dying matters awareness week
Dying Matters to me because I have a life-limiting condition. However, the truth is Dying Matters for everyone. We're all going to die, I just have more knowledge of how and when I will die than the rest of the population. That said, even I don't know when I will die. I was given a five year prediction in 2012, which I have reached and am determined to exceed; but my time is limited, every day is a blessing and I will never make 'old bones'.
We have to learn to open up about the only true inevitability in life. Dying Matters Awareness Week is a reminder that opening up doesn't have to be painful and doesn't have to happen at the worst of times - lets recognise that death is part of life and stop running from it.
There is no excuse for turning a blind eye to distress; those providing care, whether care assistant, family, nurse or doctor need to know they are supported in doing what the patient needs, not shackled by risk averse attitudes that paralyse common sense and hinder care provision.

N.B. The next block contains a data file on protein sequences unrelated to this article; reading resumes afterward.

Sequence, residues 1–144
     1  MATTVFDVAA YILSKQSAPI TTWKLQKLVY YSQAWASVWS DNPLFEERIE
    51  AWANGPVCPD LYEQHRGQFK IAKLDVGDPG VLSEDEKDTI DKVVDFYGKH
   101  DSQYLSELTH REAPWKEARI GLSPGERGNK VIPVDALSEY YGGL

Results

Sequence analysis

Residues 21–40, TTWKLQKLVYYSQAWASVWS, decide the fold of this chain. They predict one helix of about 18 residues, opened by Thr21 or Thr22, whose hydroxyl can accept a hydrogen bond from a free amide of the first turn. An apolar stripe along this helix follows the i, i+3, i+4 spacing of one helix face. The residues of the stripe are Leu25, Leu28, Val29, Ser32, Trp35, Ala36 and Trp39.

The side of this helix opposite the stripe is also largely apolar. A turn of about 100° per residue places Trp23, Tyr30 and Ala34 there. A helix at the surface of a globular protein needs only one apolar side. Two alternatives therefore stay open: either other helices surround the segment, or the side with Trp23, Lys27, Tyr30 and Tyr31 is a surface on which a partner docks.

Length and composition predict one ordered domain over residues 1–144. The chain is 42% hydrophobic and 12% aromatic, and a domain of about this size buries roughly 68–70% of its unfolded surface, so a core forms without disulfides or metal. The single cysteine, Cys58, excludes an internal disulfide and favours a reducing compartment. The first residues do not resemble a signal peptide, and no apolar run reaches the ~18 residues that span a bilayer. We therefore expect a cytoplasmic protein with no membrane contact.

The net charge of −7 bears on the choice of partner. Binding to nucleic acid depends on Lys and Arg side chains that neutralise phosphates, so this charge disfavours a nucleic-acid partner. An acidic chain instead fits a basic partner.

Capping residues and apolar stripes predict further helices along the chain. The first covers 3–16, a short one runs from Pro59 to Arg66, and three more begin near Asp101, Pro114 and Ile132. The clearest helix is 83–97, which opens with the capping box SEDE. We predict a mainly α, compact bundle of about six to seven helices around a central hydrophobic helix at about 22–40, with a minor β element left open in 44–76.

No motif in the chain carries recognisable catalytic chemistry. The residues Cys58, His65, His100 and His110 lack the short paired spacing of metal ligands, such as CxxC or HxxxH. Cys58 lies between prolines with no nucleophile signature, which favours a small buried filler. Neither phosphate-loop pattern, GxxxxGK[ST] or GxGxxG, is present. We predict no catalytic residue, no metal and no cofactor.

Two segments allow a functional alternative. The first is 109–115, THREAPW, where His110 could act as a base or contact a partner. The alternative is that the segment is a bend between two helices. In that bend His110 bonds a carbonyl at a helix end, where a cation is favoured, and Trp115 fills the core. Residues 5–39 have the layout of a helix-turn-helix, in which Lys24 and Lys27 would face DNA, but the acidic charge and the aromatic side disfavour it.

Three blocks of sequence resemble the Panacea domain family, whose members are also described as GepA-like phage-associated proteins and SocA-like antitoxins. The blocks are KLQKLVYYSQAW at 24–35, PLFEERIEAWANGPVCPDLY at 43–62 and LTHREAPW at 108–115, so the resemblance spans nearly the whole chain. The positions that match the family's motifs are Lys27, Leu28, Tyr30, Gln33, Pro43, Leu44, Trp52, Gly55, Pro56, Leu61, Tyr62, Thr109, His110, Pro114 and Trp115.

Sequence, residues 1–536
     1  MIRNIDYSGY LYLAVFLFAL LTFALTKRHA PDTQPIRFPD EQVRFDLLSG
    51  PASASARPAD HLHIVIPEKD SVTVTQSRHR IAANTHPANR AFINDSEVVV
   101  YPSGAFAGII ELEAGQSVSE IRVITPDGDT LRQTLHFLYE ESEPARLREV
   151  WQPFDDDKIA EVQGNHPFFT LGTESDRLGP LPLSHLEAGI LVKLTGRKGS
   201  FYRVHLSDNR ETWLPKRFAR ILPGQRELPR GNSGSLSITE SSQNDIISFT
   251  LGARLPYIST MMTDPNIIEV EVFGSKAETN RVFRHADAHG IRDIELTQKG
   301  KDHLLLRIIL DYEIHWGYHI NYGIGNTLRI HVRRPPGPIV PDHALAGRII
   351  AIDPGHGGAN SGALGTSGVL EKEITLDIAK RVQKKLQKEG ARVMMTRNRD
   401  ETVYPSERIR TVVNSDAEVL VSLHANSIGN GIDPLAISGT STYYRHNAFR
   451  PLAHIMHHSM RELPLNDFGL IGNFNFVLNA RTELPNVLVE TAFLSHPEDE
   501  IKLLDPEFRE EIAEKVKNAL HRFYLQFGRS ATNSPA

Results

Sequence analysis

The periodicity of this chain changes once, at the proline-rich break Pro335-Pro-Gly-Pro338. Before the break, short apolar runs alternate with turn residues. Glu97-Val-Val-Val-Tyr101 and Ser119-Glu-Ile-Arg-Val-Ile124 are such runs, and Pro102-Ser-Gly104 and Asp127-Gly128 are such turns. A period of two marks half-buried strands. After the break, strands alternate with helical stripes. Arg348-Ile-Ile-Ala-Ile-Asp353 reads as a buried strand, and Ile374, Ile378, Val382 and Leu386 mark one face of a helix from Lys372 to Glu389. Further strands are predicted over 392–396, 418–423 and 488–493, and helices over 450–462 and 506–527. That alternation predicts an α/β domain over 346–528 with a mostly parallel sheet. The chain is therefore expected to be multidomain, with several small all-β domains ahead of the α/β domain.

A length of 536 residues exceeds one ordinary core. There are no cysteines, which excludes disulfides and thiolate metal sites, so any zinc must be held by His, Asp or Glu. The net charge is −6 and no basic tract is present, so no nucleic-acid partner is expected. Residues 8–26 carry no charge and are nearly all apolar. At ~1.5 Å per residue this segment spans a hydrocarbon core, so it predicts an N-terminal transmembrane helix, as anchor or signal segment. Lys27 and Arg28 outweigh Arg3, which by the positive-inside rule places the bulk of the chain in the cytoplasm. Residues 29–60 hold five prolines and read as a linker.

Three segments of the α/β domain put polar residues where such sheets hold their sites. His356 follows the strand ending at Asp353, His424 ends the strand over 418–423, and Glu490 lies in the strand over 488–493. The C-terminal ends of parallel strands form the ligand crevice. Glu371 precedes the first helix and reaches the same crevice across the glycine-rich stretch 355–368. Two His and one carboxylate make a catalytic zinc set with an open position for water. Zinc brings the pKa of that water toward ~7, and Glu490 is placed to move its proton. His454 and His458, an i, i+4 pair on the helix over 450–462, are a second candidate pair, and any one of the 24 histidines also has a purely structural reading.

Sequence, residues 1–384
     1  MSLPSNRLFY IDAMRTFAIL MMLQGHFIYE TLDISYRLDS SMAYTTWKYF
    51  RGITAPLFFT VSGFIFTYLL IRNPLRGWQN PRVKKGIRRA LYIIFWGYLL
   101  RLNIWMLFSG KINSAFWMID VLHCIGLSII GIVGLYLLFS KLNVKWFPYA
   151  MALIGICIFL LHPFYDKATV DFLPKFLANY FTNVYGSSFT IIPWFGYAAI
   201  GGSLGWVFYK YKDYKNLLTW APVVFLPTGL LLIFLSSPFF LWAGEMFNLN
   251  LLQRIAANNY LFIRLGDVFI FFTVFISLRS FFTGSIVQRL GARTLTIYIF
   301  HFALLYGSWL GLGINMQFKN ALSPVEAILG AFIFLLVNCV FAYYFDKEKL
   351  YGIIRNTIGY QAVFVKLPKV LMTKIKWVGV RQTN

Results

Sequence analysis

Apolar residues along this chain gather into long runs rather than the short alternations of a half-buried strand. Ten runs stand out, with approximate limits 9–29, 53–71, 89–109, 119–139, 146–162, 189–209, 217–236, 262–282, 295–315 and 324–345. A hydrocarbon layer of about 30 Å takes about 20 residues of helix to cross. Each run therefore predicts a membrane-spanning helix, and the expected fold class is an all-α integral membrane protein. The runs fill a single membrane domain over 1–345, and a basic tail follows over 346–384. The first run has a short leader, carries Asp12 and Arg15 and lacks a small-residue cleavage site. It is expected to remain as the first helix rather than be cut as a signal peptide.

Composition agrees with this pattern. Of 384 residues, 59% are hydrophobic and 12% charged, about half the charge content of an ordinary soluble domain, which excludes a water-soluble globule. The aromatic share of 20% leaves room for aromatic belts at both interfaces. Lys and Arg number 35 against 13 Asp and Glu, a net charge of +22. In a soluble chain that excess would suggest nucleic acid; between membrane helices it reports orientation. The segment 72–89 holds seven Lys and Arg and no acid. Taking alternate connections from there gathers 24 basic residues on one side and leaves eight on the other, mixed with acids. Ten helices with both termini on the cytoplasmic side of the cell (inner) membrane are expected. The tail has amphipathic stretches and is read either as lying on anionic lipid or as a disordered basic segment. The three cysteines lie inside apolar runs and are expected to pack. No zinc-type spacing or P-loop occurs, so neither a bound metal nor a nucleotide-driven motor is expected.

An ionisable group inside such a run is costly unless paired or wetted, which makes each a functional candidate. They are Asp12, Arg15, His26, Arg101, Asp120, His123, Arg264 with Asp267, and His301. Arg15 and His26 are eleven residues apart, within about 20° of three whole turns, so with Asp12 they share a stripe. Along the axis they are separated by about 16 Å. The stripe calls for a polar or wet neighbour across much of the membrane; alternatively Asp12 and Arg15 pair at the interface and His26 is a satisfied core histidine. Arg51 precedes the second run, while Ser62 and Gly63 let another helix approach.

Dying Matters Awareness Week aims to get people talking about death and bereavement because, unfortunately, death is a part of life. In my experience, talking about death really does make bereavement easier - that includes posting statuses about loved-ones you've lost on Facebook.
The majority of people with Parkinson's would prefer to die at home but research suggests they are more likely to die in hospital. That's why at Parkinson's UK we are calling for more work to be done to help people communicate their wishes about their death in the early stages of the condition.